My Spanish skills seem to be improving, but there definitely still are times when no one can understand me. This happened the other day when I took Nicki, John, and Rosie back to my homestay and showed them where the cuys live (the guinea pigs). Afterwards I asked Victor if the cuys are afraid of people, because when I tried to pick one up, they all ran away from me making this strange high-pitched warbling noise. But all he said was that the cuys right now are very small, and when they get big and fat it’s time to eat them. Guess I’ll have to come back to that one later.
Fiesta de Bautizo
Saturday night Victor and Deni took me to a party for a baptism – actually, three baptisms in one. It is a tradition in Peru that for a child’s baptism, they get their hair cut for the first time, and then they have a big party and people come and give a gift of money, and in return you get a lot of food and beer. Pretty much all of Deni’s family in Ollanta was there, including Mama Raquel (mi abuelita), who, by the way, was punishing more beer than I was. After a while people started dancing to Huayno, this traditional Andean music. I danced with Deni’s younger brother, and it was actually really fun except for the fact that he is much shorter than me (Peruvians are a very tiny people), and the whole time Deni’s brother in law kept bringing fresh beers for everyone even when we didn’t need them. This morning Mama Raquel came over for breakfast and wasn’t even the slightest bit hungover – I think she is my idol. I may have told her I want to put her in my pocket and take her back to the States with me. Oops.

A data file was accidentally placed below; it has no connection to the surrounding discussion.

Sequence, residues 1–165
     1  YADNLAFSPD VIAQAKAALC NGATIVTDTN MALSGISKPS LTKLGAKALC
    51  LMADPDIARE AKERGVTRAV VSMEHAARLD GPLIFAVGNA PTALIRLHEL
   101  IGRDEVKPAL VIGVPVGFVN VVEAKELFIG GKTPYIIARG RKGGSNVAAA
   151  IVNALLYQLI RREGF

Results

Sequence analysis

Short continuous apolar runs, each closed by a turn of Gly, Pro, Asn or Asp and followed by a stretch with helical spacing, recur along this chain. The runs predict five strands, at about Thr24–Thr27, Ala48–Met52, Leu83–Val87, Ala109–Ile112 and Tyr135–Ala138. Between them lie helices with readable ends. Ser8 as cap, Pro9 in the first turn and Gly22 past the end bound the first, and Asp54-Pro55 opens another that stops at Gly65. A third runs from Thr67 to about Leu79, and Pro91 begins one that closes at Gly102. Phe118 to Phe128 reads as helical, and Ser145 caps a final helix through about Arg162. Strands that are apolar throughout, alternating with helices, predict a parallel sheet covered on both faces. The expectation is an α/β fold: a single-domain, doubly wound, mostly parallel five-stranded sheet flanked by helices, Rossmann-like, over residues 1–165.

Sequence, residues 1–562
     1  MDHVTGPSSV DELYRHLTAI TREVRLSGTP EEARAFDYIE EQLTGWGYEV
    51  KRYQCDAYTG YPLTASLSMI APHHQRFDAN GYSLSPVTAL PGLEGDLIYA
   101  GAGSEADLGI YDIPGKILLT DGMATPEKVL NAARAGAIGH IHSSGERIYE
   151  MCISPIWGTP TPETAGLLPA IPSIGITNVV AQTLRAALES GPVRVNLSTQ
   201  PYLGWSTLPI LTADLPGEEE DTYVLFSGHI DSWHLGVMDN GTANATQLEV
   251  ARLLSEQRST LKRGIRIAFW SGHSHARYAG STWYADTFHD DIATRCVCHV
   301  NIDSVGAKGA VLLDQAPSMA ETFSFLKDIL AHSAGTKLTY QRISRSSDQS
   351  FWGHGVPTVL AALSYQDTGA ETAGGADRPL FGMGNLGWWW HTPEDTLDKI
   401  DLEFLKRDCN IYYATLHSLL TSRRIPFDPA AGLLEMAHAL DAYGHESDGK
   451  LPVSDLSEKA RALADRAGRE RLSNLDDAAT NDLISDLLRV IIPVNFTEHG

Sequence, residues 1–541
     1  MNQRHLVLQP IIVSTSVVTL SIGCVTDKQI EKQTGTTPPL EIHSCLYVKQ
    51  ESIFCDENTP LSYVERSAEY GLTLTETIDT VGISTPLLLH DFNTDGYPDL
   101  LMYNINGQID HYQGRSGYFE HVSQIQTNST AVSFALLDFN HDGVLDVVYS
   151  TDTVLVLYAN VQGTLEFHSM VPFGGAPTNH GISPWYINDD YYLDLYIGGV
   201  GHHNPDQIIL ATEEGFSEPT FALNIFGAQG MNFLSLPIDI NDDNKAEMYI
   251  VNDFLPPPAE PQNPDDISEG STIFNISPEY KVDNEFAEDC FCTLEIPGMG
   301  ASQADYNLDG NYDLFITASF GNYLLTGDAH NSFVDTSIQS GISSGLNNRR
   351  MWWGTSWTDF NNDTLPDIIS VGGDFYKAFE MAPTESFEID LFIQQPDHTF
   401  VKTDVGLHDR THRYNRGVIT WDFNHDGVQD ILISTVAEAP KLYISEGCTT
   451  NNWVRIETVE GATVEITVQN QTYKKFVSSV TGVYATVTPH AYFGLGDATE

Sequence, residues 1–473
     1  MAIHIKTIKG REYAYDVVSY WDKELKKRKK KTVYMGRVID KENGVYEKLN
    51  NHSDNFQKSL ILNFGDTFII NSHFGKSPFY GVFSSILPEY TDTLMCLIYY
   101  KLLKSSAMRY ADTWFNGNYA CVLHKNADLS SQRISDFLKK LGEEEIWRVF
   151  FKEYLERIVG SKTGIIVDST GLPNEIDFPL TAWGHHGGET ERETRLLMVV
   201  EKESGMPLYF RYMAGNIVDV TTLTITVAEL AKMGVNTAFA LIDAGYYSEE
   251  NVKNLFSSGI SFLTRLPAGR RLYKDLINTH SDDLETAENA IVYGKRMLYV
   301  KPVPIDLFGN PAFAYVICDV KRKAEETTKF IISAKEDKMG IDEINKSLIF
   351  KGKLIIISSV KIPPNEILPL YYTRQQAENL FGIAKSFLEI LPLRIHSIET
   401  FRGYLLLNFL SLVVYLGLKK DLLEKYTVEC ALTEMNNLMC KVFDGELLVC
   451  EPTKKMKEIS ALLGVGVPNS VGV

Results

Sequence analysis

Work and Play
Here is a rundown of my daily work schedule. Monday and Wednesday mornings John and I go to Yachay Wasi from 9 am until 12:30 or so, playing with the kids and mostly admiring their cuteness. Then we have lunch and head back to the office to lesson plan until our first english class at 6. Then we teach class from 6 to 9 and pretty much pass out right after. Tuesday and Thursday mornings we have our third english class from 10 – 11:30 am, then we lesson plan like crazy again for our computer class at 6, which grew so large that we had to split it in two. Then there are the weekly education meetings and volunteer workshops and a full staff meeting. So needless to say, it’s freakin nuts. We used to go to Yachay Wasi on Friday mornings too, but now we use Fridays for lesson planning, so that the rest of the week isn’t so crazy. On the weekends all of us volunteers will go on hikes and treks, work shifts at the Awamaki store, and hang out at one of the cafes in town to use their internet. We usually go out for drinks on Friday and/or Saturday nights, to the one bar in town, Quechua Bar. In actuality there are 3 bars, but two of them are closed at the moment, so Quechua Bar it is. Mostly we just sit around and drink beer slash mojitos, but we also get to play with the gatitos! (The owners of Quechua bar have a cat, and about two weeks ago, she gave birth to four adorable little kittens, and they are nice enough to let us hold the kitties for a bit while we drink our beer.) Side Note to any future travellers: hangovers increase exponentially in severity the higher up in altitude you go. Beware.
Soon to come: pics of the hikes and treks around town!